Travel and tourism is one of the world’s largest industries and when people are on trips, they often spend money more freely on things they would never buy at home. Behavior is hugely influenced by context and the inherently short-term nature of trips loosens wallets. It’s the same impulse that drives young revelers at music festivals to buy floppy fluoro hats that will never be worn again.
This plows vast amounts of money into local economies all over the world. According the U.S. Travel Association, residential and international travelers spend $2 billion a day in the USA–that’s $1.4 million every minute. This money is also a huge driver of economic growth in developing nations, often rich in ancient history but lacking in modern industry. This is what leads to the persistent presence of hawkers. And they certainly can be persistent.
Listed in independent travel guides under “Annoyances,” hawkers are aggressive salesmen who advertise their wares to passing foreigners by shouting. The confluence of significant disparities in the value of currencies and the cost of living, the predictability of travelers’ appearances at stations and tourist areas, and high population densities, means that anyone who is not clearly a local will rapidly become accustomed to being shouted at. A lot. All the time. Competition is fierce and it’s only compounded by the dramatic negotiability of prices. Price fixing increasingly occurs among local vendors to ensure tourists can’t pay local prices. Taxi drivers mount trains as they approach stations to get to potential customers first. Making eye contact, even from some distance, with a beach hawker can lead to a prolonged discussion about how buying a crossbow or ornamental knife is neither desirable nor really very practical for an international tourist.
Obviously tourists like to buy souvenirs to remind them of the good times they had and spend money to help support local economies. But en masse the impact of this aggressive competition works against the vendors, as initially polite refusals give way to automatic no-thank-yous. Tuk-tuks, the ubiquitous motorized three wheeler taxis found in many emerging nations, are a convenient and cheap way to get around, but tuk-tuk drivers are among the most vocal hawkers, shouting “Tuk-tuk?” at every passing foreigner. In heavily touristed areas you can be offered a tuk-tuk dozens of times along a single street, sometimes while already in a tuk-tuk. This has led the endlessly enterprising local merchandisers to produce T-shirts that say “No tuk-tuk today, no tuk-tuk tomorrow,” which are then themselves hawked along the street.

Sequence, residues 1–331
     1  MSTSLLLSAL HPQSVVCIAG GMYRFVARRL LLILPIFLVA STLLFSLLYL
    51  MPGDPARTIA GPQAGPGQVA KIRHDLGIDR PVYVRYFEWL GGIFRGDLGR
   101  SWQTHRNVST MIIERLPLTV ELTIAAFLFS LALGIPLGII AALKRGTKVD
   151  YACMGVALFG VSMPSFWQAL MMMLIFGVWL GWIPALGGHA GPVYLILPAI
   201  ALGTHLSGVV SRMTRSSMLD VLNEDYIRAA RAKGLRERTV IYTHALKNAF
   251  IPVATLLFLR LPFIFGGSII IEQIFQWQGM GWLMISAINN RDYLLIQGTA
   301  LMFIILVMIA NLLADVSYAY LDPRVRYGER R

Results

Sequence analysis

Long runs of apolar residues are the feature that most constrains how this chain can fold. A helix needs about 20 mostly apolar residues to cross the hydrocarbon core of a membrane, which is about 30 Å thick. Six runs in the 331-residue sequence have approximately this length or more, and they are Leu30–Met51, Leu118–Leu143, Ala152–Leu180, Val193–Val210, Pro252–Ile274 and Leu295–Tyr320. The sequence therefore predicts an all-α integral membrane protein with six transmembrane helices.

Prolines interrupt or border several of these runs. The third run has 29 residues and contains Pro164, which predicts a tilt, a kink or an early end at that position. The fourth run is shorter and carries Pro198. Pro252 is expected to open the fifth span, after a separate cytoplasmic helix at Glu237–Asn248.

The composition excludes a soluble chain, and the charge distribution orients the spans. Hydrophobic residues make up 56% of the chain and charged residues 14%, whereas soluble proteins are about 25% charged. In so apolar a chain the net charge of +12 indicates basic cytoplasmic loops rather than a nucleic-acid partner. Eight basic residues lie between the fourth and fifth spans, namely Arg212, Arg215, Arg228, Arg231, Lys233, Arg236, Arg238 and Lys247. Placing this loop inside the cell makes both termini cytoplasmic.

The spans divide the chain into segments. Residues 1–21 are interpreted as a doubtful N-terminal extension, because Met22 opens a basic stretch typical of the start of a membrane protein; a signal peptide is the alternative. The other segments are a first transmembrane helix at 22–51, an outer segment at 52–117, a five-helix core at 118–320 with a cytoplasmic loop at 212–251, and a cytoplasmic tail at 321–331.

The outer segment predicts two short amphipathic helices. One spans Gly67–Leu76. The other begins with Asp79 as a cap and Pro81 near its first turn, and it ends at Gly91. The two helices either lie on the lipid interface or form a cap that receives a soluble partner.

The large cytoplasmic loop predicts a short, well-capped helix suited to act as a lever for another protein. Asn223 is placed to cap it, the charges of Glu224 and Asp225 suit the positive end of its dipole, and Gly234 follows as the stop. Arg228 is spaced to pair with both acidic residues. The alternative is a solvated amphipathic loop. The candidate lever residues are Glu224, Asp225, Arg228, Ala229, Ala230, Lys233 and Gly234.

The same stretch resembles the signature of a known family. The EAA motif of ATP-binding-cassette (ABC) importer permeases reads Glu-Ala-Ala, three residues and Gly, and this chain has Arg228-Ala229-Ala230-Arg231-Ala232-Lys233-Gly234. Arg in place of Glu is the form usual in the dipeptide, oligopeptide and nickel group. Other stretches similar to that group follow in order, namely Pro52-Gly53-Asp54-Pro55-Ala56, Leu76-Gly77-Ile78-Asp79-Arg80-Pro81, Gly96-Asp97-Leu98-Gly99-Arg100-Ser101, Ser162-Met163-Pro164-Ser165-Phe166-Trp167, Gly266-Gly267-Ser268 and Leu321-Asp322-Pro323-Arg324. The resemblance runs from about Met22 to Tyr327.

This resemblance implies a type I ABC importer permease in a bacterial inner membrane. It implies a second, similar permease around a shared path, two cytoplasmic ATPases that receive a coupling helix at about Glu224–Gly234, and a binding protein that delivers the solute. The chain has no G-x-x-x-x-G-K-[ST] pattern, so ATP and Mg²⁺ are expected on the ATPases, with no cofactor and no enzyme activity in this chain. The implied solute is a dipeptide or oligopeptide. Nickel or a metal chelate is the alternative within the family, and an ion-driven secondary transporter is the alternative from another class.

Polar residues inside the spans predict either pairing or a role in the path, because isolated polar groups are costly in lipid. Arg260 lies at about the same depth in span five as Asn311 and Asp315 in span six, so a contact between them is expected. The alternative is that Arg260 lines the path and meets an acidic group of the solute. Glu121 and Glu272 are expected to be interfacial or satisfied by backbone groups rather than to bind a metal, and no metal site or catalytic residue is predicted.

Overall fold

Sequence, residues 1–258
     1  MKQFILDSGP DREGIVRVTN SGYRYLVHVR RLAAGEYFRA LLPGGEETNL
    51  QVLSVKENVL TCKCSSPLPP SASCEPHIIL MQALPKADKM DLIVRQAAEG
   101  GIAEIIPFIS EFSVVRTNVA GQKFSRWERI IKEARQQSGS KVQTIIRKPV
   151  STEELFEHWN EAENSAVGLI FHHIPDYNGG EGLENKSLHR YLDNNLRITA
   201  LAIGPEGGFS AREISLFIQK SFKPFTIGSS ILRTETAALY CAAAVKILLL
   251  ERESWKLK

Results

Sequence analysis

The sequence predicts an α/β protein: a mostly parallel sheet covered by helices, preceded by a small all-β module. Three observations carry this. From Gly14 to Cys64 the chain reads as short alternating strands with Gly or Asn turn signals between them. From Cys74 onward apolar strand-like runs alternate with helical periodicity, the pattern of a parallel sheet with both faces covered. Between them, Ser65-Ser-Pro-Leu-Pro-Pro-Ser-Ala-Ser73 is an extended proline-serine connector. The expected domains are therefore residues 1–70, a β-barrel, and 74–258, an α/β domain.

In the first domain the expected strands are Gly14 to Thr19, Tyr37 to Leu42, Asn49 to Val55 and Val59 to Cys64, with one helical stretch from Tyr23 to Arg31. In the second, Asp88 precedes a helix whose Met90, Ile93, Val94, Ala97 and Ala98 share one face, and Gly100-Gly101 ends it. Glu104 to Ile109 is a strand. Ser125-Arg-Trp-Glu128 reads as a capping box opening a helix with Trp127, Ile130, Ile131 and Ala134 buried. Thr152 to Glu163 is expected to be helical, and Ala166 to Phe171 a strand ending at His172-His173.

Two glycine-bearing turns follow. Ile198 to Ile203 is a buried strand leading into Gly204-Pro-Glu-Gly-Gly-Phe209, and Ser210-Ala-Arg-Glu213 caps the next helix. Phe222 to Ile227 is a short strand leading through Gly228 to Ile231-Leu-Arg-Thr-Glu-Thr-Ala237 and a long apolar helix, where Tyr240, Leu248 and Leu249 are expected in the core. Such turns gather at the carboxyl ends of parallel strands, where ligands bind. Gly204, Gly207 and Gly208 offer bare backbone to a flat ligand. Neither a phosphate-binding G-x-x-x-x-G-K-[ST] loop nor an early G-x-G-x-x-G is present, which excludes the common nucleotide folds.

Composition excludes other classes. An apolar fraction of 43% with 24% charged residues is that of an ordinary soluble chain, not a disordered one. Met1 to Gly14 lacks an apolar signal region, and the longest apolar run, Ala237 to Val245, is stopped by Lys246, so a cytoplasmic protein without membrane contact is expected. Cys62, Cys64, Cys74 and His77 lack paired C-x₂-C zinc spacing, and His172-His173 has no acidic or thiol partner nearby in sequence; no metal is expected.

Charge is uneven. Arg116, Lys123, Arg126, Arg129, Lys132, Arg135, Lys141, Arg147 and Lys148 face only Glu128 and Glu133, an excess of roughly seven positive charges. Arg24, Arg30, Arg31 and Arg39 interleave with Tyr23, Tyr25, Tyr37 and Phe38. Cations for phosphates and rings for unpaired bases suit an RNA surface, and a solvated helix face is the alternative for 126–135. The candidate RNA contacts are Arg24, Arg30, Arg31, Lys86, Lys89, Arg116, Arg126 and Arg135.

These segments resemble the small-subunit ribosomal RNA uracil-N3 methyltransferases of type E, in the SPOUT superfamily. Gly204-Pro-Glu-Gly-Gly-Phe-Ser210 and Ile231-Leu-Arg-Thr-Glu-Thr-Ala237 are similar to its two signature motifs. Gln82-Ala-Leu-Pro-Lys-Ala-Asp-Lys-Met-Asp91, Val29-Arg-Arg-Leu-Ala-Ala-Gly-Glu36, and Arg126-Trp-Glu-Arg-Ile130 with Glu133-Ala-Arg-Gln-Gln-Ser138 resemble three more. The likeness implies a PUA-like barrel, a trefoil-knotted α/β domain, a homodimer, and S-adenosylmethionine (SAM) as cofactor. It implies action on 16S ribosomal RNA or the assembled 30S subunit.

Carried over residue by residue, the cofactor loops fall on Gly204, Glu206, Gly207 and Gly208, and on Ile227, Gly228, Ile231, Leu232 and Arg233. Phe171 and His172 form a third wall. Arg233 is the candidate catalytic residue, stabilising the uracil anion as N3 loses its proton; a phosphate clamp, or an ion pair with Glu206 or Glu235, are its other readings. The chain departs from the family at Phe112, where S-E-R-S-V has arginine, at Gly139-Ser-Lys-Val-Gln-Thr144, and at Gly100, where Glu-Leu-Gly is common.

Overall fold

Travelers from the hyper-capitalist postindustrial nations are inevitably forced to comment and cope with this seemingly endless onslaught of commercial exhortations. Both a feature and bug, an economic celebration and distortion, opportunity and annoyance. It seems so very different to the relative lack of intrusion at home.
However, as with most things one encounters in seemingly foreign lands, that initially seem so different, there is usually an anthropological analog. We are more the same than we are different. The difference is simply one of scale. Hawking is hugely inefficient and energy intensive–the vendor is also the advertisement. Advertising in developed markets is all about scale. The cacophony of shouting has been replaced by the blinking lights of Times Square. Endlessly quoted but rarely sourced studies suggest the average American “consumer” is exposed to approximately 5,000 commercial messages every day across various media. Where commercial media is more scarce and commerce more independently operated, you get shouting instead. But even the busiest street in Thailand can’t sustain 5,000 tuk-tuk drivers.
In the Minority Report version of the future, digital billboards marry the scale of advertising with the personalized intrusions of hawking, but it doesn’t need to be that way. One of the instructive things about traveling to different countries at different stages of economic and technological development is seeing how they embrace and utilize technologies and cultural ideas differently. Mobile phone credits are a stable and significant currency in certain African countries. The smallest restaurant in Cambodia will offer free Wi-Fi to entice in customers. Consumer-packaged-goods brands have established supply chains into developing markets and with them comes advertising in its more familiar form. As hawking becomes ineffective, or even outlawed, advertising innovations may emerge in these markets that help all of us avoid the aggressive shouting billboard.